According to The Detroit Free Press, U.S. District Court Judge Bernard Friedman sentenced Ashton to 30 months in prison on Tuesday following an hour-plus long video conference over Zoom. Ashton was found to have given an associate of his a $4 million contract to produce roughly 58,000 watches with GM and UAW branding etched into the face. He later forced the person into giving him a $250,000 kickback in exchange for funnelling the watch contract to them. The watches were never distributed to UAW members and instead sat unsued on pallets in a storage room at the UAW Training Center in downtown Detroit.
“Today’s sentence of former UAW Member Joe Ashton is appropriate,” the UAW said in a statement released after Ashton’s sentencing. “Mr. Ashton’s crimes defy everything we stand for as a union and demonstrate his lack of respect for the oath of office he took and the rank-and-file members he represented. Under the leadership of UAW President Rory L. Gamble and our International Executive Board, the UAW continues to focus on comprehensively reviewing and strengthening our union’s financial controls and accounting oversight, and have embraced the implementation of a myriad of new policies and controls to restore the full faith and trust of our more than 400,000 members across the country.”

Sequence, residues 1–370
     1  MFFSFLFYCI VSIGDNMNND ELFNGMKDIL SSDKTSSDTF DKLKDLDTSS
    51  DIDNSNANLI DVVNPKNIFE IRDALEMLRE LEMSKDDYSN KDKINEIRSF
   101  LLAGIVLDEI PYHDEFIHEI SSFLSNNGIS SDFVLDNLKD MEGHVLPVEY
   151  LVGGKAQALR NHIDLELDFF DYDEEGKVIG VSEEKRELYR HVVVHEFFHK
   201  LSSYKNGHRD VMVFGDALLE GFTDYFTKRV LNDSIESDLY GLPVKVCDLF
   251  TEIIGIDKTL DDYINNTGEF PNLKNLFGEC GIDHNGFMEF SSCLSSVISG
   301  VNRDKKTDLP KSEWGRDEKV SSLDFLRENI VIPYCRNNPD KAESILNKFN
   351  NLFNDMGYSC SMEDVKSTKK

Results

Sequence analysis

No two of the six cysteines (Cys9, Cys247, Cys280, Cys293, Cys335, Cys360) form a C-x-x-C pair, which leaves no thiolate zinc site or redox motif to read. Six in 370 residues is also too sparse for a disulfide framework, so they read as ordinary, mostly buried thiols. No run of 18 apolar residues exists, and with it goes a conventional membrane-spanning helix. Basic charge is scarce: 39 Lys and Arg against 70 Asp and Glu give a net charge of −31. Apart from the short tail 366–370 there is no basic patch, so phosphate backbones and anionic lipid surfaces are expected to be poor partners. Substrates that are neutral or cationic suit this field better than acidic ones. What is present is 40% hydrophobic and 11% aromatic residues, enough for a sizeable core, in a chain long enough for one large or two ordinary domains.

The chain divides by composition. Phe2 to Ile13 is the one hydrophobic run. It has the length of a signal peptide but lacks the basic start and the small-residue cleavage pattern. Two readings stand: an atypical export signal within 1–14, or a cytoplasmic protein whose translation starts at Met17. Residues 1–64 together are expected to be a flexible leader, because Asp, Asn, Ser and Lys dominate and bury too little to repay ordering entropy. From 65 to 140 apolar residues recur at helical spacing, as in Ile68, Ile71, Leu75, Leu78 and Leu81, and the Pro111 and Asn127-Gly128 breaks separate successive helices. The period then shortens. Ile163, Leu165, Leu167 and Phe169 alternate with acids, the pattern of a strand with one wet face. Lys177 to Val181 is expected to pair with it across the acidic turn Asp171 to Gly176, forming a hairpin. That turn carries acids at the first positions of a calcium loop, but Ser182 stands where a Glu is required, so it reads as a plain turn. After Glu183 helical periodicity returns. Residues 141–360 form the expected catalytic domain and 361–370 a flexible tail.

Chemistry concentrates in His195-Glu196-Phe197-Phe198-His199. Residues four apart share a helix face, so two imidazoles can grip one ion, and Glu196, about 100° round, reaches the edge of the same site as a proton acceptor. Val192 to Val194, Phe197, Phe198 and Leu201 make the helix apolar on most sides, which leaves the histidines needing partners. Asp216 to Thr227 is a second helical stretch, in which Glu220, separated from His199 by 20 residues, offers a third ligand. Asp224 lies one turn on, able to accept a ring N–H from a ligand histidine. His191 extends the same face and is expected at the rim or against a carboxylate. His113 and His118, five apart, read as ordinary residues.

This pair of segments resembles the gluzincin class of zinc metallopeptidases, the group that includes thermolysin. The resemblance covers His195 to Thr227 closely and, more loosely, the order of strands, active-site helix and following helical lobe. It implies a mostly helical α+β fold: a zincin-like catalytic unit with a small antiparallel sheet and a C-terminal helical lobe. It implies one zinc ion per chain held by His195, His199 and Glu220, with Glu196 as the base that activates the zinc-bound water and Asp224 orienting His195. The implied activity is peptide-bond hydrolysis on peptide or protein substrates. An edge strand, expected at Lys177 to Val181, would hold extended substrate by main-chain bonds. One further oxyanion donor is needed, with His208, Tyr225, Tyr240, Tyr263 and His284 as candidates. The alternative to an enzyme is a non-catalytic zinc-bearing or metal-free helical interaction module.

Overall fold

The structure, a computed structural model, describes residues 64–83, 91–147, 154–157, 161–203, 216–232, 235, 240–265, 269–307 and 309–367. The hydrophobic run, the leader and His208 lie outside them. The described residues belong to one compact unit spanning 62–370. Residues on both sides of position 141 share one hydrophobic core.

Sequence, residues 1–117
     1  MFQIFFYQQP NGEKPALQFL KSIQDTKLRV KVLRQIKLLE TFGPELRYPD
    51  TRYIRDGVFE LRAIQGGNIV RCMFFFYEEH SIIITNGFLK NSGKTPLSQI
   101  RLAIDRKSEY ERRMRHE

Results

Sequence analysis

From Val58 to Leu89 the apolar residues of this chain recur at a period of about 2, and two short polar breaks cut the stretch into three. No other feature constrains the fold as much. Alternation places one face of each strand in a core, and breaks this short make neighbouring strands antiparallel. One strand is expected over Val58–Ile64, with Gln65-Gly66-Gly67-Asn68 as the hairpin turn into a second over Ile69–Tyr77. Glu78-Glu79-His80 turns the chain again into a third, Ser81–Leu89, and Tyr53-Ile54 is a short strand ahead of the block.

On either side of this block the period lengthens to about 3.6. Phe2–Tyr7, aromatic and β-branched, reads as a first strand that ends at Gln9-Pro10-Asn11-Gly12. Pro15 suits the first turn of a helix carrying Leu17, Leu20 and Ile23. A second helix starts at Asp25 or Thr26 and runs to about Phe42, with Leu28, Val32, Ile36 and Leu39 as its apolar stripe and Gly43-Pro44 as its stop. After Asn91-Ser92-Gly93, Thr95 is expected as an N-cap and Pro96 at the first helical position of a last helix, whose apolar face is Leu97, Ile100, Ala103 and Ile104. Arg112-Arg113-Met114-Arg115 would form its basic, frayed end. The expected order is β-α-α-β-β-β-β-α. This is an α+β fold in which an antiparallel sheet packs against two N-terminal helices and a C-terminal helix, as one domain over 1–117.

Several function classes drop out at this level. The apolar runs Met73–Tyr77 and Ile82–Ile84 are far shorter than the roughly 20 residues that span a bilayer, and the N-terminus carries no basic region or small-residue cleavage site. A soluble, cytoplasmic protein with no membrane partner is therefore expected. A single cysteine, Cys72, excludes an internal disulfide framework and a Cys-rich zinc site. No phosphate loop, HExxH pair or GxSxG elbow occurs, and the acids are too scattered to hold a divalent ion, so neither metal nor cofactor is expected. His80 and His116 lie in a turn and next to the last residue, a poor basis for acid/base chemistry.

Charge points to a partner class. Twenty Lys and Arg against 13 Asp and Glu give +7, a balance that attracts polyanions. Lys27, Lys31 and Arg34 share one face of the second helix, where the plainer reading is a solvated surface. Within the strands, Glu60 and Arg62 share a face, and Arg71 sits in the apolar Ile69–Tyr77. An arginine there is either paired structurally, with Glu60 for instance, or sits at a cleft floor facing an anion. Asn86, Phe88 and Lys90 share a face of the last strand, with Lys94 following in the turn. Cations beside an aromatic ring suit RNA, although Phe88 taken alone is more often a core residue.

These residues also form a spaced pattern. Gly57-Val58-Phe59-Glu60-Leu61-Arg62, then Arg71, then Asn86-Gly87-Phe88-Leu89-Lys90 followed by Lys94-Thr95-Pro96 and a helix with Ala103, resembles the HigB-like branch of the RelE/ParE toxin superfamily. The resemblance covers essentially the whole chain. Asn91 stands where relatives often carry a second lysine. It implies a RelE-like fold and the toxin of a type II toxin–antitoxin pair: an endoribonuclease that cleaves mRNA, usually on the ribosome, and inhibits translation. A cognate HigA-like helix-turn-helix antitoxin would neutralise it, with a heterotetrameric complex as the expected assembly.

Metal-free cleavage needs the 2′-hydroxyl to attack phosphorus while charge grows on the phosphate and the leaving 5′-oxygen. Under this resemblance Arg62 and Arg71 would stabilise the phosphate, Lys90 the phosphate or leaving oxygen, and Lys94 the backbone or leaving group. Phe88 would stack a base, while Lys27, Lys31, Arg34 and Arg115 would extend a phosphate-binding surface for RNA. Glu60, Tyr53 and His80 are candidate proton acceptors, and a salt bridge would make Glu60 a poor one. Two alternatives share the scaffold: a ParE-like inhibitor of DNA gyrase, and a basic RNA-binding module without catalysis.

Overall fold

Ashton is also at the center of GM’s lawsuit against Fiat Chrysler Automobiles. The automaker has accused Ashton of being a “paid mole” on its board, which he was appointed to in 2014, saying he received payment from FCA through offshore accounts in exchange for providing it with various information and intel on GM’s operations. FCA has denied paying Ashton to provide it with GM’s trade secrets and also likened the claims in GM’s lawsuit to a “third-rate spy movie.” GM filed an appeal to have the lawsuit reinstated after a judge dismissed it and has also filed a separate state-level suit against FCA.